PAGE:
A duo of blow-out preliminary finals has set in stone the grand final match-up: Melbourne taking on the Western Bulldogs.
There will be plenty of discussion about the clash – and those two phenomenal teams – in the next fortnight, so I won’t be mentioning them in this piece. Rather, let’s focus on the six teams who were good enough to make finals, but not good enough to make the most of the opportunity.
Brisbane Lions: C
Confession: I am a huge fan of the Brisbane Lions. I am not ashamed to admit that I had eagerly jumped onto their finals bandwagon, and only a schedule clash kept me from heading to their qualifying final against the Demons. As it turns out, the bandwagon was largely based on recency bias from their thrilling clash against the Eagles in Round 23. And I was not particularly disappointed I missed the game, given their 33-point loss only sparked yet another wasted finals campaign.
Brisbane’s struggles in finals bely their talent. I would agree that Eric Hipwood and Dan McStay’s varying absences in their finals hampered the squad, but they have a hugely talented midfield that battles deep with the league’s best. The game against the Bulldogs illustrated this well.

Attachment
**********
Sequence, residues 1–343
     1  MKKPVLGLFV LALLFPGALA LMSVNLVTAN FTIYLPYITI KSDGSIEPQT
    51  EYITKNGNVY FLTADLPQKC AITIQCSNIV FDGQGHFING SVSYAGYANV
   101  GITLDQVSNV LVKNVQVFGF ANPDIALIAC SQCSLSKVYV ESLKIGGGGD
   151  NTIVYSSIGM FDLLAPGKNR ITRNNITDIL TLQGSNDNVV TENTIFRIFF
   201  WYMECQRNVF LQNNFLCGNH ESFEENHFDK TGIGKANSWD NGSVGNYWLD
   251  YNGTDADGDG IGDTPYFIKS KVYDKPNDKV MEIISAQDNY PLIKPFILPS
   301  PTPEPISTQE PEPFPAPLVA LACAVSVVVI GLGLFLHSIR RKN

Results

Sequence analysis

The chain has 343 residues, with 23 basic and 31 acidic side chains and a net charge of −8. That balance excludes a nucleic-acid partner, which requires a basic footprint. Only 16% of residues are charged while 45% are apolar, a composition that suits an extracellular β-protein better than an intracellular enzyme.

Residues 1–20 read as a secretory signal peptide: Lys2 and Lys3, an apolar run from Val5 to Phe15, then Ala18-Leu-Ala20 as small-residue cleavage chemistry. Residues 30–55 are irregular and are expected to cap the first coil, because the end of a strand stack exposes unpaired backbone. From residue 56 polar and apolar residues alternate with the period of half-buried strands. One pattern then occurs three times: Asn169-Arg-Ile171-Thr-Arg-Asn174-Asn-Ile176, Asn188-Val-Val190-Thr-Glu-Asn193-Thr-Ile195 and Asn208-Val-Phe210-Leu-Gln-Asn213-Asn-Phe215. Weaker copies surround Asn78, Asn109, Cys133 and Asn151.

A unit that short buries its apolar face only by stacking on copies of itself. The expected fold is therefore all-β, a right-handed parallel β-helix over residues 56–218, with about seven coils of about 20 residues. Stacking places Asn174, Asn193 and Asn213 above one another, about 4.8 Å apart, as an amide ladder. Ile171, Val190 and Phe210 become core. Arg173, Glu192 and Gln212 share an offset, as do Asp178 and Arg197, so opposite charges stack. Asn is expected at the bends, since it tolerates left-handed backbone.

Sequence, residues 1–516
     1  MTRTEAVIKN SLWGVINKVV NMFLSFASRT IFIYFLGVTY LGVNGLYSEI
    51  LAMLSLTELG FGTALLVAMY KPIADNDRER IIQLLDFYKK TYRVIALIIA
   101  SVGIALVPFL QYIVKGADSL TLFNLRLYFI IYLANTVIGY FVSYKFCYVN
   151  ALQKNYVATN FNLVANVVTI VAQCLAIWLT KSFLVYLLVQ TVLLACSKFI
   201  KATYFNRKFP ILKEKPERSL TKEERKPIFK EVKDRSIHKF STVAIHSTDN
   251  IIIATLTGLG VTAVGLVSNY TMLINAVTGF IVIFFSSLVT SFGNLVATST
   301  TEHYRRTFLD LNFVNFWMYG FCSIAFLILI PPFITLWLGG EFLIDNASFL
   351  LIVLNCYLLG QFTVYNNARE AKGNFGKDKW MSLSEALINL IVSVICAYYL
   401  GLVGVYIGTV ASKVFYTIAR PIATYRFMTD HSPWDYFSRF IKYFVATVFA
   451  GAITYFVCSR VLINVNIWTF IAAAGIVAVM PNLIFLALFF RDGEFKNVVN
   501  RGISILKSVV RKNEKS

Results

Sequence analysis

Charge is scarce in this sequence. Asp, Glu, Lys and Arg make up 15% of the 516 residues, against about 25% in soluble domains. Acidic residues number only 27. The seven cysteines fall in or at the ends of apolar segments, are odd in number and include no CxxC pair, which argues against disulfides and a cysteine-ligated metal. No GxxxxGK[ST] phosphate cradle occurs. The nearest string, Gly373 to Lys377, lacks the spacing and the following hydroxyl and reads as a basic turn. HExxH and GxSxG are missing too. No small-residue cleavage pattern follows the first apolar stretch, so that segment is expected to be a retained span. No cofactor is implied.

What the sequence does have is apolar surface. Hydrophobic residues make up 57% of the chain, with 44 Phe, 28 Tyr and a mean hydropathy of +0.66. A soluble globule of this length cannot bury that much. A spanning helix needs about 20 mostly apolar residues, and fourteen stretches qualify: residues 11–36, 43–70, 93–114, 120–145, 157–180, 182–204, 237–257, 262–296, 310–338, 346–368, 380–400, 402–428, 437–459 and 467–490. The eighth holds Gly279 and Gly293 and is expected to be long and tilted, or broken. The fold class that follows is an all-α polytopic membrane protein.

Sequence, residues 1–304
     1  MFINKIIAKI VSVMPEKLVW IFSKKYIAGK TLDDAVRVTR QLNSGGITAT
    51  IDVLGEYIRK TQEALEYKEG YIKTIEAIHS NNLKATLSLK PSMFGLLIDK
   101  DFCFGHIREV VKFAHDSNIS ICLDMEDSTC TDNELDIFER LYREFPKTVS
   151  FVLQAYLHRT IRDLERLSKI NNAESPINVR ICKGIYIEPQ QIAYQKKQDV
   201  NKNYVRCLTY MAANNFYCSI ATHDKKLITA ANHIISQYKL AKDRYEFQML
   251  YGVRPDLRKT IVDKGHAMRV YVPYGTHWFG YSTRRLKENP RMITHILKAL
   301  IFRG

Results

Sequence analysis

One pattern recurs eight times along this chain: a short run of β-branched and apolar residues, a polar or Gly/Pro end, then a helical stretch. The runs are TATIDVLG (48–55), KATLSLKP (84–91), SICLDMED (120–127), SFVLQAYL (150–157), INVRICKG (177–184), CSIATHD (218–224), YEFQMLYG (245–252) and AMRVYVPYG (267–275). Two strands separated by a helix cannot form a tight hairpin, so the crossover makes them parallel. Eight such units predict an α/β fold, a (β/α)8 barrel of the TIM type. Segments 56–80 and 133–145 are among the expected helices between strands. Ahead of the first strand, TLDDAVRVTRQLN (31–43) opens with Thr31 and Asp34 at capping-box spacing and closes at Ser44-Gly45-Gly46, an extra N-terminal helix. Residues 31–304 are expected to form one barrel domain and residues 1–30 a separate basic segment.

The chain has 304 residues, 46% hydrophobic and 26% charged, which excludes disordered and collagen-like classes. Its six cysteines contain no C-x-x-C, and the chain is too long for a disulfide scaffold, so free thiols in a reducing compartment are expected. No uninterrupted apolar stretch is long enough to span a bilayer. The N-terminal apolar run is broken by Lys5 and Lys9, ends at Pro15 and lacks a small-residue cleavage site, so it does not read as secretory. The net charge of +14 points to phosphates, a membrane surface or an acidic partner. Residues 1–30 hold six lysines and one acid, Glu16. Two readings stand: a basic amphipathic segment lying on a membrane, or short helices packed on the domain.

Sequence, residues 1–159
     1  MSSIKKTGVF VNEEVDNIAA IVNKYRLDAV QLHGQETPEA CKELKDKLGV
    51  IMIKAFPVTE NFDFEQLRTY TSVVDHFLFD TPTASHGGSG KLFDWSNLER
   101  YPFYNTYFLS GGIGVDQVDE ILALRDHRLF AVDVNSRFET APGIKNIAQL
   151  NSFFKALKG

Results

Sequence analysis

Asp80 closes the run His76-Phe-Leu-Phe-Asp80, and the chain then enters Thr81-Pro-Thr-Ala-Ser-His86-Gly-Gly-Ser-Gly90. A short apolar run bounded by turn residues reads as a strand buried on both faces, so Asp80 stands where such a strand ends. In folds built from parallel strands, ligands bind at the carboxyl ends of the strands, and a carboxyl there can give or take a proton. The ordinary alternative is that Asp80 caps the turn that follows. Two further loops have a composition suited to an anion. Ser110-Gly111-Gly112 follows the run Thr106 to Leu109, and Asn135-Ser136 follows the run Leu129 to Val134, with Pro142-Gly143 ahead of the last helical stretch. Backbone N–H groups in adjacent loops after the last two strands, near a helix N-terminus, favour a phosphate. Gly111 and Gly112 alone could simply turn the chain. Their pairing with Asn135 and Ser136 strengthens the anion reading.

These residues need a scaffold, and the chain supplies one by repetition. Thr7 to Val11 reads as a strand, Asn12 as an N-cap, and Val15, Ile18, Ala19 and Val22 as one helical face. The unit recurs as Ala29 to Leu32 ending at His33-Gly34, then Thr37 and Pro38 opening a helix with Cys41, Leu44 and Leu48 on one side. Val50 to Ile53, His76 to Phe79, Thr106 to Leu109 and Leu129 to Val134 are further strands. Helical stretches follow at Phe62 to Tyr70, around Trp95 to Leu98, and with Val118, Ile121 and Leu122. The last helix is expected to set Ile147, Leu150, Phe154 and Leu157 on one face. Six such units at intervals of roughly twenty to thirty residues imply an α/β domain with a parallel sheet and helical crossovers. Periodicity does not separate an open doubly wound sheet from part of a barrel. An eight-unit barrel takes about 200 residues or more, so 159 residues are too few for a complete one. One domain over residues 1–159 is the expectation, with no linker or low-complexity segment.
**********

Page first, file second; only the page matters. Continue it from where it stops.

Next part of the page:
The game delivered in spades, a sentiment that cannot be easily attached to many other games this finals series. The Lions remain a strong team, and given they crashed out of the basis of a one-point loss, they remain a strong chance at a premiership. One reason why they are not getting a worse score is the fact their record begins to look slightly less bad when you consider the two teams that they lost to were the eventual grand finalists.
Essendon’s insanely awful finals record has been well documented, but the club’s 2021 – surpassing expectations left, right and centre – was reason for optimism. They carried that optimism into their elimination final: their opposition in the Bulldogs had lost their last three home-and-away games and the Bombers had a good record in Tasmania. It goes without saying that the club winning this game would have done wonders for the development of Ben Rutten’s team – and would have made for a very different rest of finals, given the Bulldogs would have been knocked out.